How does Sarah Palin try to get attention on Martin Luther King day? She plays the race card by telling others not to. Here’s what she posted on Facebook: “Mr. President, in honor of Martin Luther King, Jr. and all who commit to ending any racial divide, no more playing the race card.” Perhaps someone should suggest to Palin that playing all that solitaire during those long dark winter days can make you a little nutty. In other words, Palin, stop playing cards.

The Department of Health and Social Services computer software transition is going about as well as the federal government’s health exchange site was before it got fixed. The department has been having problems paying Medicaid providers since September and unlike the feds, state officials are mum as to when the problem is expected to be fixed. Meanwhile the frustration and grumbling amongst Medicaid health care providers has been growing. Word is that Fairbanks Republican Rep. Pete Higgins, who is chair of the House Health and Social Services committee, is considering having hearings.

Former Anchorage school board member Crystal Kennedy has joined Rep. Lynn Gattis’ staff. Kennedy served as the campaign manager in Larry Woods’ race against Lora Reinbold. Gattis and Reinbold are both Republican freshman legislators who could be sisters. But they’re not. Not even close. Besides, Reinbold seems to have plenty enough sisters, one of whom is a doctor and is continually invited by Reinbold to testify at committee hearings to slam ObamaCare. The other is Reinbold’s twin.

State law prohibits legislators from fundraising when the Legislature is in session. And the governor cannot raise money from Juneau residents during session either. The laws seem screwy, if not blatantly unconstitutional. Regardless of my opinions on the matter, Monday was a big money day. House and Senate Democrats had a fundraiser at the Juneau-Douglas City Museum. Meantime, House and Senate Republican majority members were at the Hangar Ballroom on Juneau’s waterfront. Gov. Sean Parnell hosted an event at the Baranof’s Gastineau suite.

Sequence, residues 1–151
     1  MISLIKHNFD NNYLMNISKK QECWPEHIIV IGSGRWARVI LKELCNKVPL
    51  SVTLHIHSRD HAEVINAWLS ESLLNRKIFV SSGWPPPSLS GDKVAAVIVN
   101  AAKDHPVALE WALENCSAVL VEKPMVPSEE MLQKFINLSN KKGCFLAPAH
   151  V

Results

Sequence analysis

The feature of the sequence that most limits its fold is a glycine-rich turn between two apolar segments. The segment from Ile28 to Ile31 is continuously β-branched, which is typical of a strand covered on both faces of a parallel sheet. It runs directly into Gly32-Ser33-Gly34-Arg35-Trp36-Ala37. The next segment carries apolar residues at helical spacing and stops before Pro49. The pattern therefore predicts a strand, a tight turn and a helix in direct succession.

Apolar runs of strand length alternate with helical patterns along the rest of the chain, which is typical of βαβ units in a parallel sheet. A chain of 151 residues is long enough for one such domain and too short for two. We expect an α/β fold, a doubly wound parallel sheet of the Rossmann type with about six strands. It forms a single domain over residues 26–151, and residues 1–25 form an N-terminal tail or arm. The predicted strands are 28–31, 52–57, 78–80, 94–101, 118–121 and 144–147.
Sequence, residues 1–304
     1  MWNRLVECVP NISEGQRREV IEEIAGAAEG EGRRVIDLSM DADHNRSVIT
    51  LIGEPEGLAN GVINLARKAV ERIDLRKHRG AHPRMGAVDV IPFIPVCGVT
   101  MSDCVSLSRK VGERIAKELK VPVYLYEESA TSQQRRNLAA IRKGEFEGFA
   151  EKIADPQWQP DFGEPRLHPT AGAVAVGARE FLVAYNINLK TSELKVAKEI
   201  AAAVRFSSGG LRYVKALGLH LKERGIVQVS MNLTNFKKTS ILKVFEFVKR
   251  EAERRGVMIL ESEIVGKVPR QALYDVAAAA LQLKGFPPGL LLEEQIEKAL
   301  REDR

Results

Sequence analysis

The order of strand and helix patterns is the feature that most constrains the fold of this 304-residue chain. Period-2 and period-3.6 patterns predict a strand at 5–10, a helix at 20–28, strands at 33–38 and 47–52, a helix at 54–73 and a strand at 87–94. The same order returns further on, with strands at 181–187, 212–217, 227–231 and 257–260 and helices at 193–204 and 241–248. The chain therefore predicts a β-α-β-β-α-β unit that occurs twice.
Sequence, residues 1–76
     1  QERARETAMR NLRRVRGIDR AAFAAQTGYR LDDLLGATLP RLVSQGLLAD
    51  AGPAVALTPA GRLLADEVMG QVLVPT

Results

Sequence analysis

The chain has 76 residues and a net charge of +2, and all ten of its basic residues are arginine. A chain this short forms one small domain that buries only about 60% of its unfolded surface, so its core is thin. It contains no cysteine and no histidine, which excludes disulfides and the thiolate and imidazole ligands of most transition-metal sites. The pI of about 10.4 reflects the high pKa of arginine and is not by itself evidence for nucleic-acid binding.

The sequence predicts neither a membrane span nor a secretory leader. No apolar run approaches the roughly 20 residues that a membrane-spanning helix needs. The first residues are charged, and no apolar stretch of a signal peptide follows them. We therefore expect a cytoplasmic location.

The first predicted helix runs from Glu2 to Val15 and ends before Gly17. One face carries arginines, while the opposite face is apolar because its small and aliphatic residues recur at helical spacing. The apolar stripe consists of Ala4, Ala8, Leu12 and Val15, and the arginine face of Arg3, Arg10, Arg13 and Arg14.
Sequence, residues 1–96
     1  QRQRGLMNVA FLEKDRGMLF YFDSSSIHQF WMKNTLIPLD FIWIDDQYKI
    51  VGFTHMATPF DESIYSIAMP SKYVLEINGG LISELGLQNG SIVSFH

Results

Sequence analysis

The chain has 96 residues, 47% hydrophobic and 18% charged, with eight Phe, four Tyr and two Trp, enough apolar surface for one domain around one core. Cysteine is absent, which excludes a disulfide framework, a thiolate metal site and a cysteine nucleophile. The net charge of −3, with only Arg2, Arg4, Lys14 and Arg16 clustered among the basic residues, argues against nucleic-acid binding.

And that was how our lawmakers and our governor spent the night before session.

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Alaska gas: We might finally be on a path to getting it to market

road forward Ken Cohen, vice president of public and government affairs for ExxonMobil Corp., wrote a blog post about Alaska’s natural gas pipeline entitled, ‘Will the energy revolution go ‘North to the Future?’”

His answer: Yes, if the producers including Exxon and the State of Alaska, can get along and pass “fiscal terms” in the upcoming legislative session.

“Though Alaska has long been considered a leading energy-producer, it hasn’t been regarded as a key part of the current, largely shale-driven supply revolution that is creating a new era of American energy abundance,” Cohen wrote. “An agreement that Alaska officials brokered with a number of industry participants last week could go a long way to changing that perception.”

The agreement that he’s referring to was signed on Jan. 14 by Gov. Sean Parnell’s administration and the producers–ExxonMobil, BP, and ConocoPhillips–as well as TransCanada, which would build the line. Among other things, it involves the state taking between a 20-25 percent equity stake in the project, which is expected to cost between $45 and $65 billion.

The fact that Cohen, one of Exxon’s most public and prominent executives in the company, is writing about it means that Exxon is anxious to get this project going, which has not always been the case.

For more than 30 years, Alaskans have watched as plans to build the more than 800 mile pipeline have come and gone. The market simply wasn’t ready.

People bought property based on a headline in 2008, proclaiming that the pipeline project was all but a done deal. It wasn’t.